This American Life producer Sarah Koenig visits Pearlington, Mississippi, a town in danger of not starting up again after Hurricane Katrina. It's in Hancock County, the Ground Zero of the hurricane's devastation.
Marti Noxon used to work for a company that did "product placement" for the movie industry. When auditors came to check that clients were being correctly billed, the company's bosses took unusual steps.
Five stories of people doing what they think they have to, in order to make ends meet. A suburban dad makes what seems like a rational choice (to him, at the time, anyway) to start robbing laundries and banks.
We compare Fox TV talk show host Bill O'Reilly's ideas about the hurricane's aftermath with those of Ashley Nelson, an 18-year-old who lives in the Lafitte Housing projects in New Orleans, in one of the flooded neighborhoods. Among other things, she explains what it feels like to go without food and water for two days.
Ira spends hours talking to James Hackett, known to his friends, and by the end of the story, to Ira, as Gig. He's a doctor in Cincinnati and a lifelong Republican.
Host Ira Glass visits the Richard E. Byrd Community Academy, a public elementary school in Chicago in need of repair.
Ira talks with a college freshman in Michigan about her governor's new Cool Cities Initiative. (4 minutes) Then Sarah Koenig reports on how the towns of Mauch Chunk and East Mauch Chunk went in for an unusual makeover to try to save their town fifty years ago.
Nauru is a tiny island, population 12,000, a third of the size of Manhattan and far from anywhere: Yet at the center of several of the decade's biggest global events. Contributing editor Jack Hitt tells the untold story of this dot in the middle of the Pacific and its involvement in the bankrupting of the Russian economy, global terrorism, North Korean defectors, the end of the world, and the late 1980s theatrical flop of a London musical based on the life of Leonardo da Vinci called Leonardo, A Portrait of Love.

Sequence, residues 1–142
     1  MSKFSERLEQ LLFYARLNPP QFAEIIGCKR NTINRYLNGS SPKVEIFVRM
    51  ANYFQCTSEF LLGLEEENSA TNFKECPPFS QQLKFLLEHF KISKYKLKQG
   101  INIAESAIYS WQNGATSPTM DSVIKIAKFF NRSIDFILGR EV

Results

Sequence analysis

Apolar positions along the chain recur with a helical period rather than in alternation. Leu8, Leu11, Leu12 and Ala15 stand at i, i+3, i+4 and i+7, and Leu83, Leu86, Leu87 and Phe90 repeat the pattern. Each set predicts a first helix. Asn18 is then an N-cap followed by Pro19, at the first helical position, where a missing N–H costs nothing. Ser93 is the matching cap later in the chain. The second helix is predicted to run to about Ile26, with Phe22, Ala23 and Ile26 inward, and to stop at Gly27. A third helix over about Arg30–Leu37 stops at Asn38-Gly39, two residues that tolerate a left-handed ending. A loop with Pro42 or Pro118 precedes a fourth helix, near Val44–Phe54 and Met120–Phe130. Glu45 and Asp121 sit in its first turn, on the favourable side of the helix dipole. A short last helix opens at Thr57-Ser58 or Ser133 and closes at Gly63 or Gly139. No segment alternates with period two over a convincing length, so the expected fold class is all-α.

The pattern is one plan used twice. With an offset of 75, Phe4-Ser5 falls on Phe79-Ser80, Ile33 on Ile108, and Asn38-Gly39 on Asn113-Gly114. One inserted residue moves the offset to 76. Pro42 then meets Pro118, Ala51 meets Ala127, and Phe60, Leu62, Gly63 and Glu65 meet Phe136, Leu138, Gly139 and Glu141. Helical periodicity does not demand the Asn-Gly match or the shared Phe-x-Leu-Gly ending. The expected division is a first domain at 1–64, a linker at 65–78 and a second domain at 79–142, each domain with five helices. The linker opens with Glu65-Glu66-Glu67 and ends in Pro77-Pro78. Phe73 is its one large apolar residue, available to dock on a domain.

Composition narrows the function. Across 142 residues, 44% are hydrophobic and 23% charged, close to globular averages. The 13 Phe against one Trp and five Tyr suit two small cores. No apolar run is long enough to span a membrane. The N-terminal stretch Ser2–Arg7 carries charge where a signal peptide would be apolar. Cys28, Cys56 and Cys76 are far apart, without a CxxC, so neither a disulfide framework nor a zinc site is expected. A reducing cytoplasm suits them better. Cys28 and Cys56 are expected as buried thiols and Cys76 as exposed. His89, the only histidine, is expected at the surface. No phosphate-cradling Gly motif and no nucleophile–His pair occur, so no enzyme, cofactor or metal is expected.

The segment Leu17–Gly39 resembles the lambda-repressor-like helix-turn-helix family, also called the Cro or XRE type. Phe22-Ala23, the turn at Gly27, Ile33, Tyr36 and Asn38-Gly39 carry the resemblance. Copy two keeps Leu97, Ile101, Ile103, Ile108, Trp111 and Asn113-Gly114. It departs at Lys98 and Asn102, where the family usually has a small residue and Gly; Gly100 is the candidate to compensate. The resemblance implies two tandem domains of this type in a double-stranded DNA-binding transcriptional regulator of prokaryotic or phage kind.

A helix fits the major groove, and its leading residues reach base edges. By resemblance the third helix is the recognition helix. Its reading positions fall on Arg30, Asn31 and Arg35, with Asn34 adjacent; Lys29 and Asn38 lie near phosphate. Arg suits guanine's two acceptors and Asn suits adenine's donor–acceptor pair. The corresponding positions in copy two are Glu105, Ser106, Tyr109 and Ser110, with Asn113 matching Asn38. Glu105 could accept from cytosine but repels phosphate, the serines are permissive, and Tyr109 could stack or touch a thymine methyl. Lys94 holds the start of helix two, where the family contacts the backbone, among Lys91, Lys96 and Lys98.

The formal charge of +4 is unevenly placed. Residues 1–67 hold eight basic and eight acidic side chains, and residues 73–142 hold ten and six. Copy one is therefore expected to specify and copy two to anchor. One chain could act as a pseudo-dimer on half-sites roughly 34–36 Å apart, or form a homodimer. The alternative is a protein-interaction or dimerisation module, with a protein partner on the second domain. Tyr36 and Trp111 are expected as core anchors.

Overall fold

Alex Blumberg spends three days with Michigan state representative Steve Tobocman. He ran for office because he thought that would be the best way to change things for his neighborhood in Detroit.
We try to figure out the paradox of the current economy, where more and more Americans are simultaneously both losing jobs and buying new homes and cars. Host Ira Glass talks to Ernest Istook, Republican Congressman from Oklahoma, who supports both a balanced budget amendment and President Bush's proposed budgets, which will create record deficits.
Producer Alex Blumberg bought a stock on a tip in 1997. By 1998 it was worthless.
Producer Alex Blumberg tells the story of an ex-con-turned-actor named Richie Castellano. After a bit role in the movie Analyze This, he moved to a small town and got dozens of people to invest money and time in a movie that never premiered.
A few years back Alex Kotlowitz wrote a book called There Are No Children Here, about two boys growing up in Chicago's Henry Horner public housing projects. Those projects were across the street from the site of the 1996 Democratic Convention in Chicago, and when the convention came to town, money poured in for a makeover.
Alix Spiegel reports on an entire community that's turned its back on easy money—for now. Nine years ago a native American community in Minnesota—the Mille Lacs band of Ojibwe—built a casino.
How one woman learned to stop worrying and start spending. Liz Gilbert and her husband Michael Cooper explain how their different ideas about handling money always divided them—until they stumbled into a $10,000 windfall.
Navy Pier's renovation was presented as a success in last week's show, but recent press reveals that the pier is bleeding money. WBEZ personality Aaron Freeman and his kids take Ira on a tour of the pier, looking at it from a child's perspective.
Host Ira Glass brings together a panel of Republicans to discuss their lack of excitement about then-presumptive Republican Presidential nominee Bob Dole.
Ira takes a look at the remarkably successful $156 million renovation of Chicago's Navy Pier. He talks with seven employees working at the businesses on the pier.
Temporary employment agencies' business has exploded in the last few years as corporations lay off their full-time employees, especially technical workers. This American Life "hired" two temp workers, Lee and Tito, to document their experiences as temps. Ira invites Tito and Lee into the studio to spin some music "appropriate" for temp employees.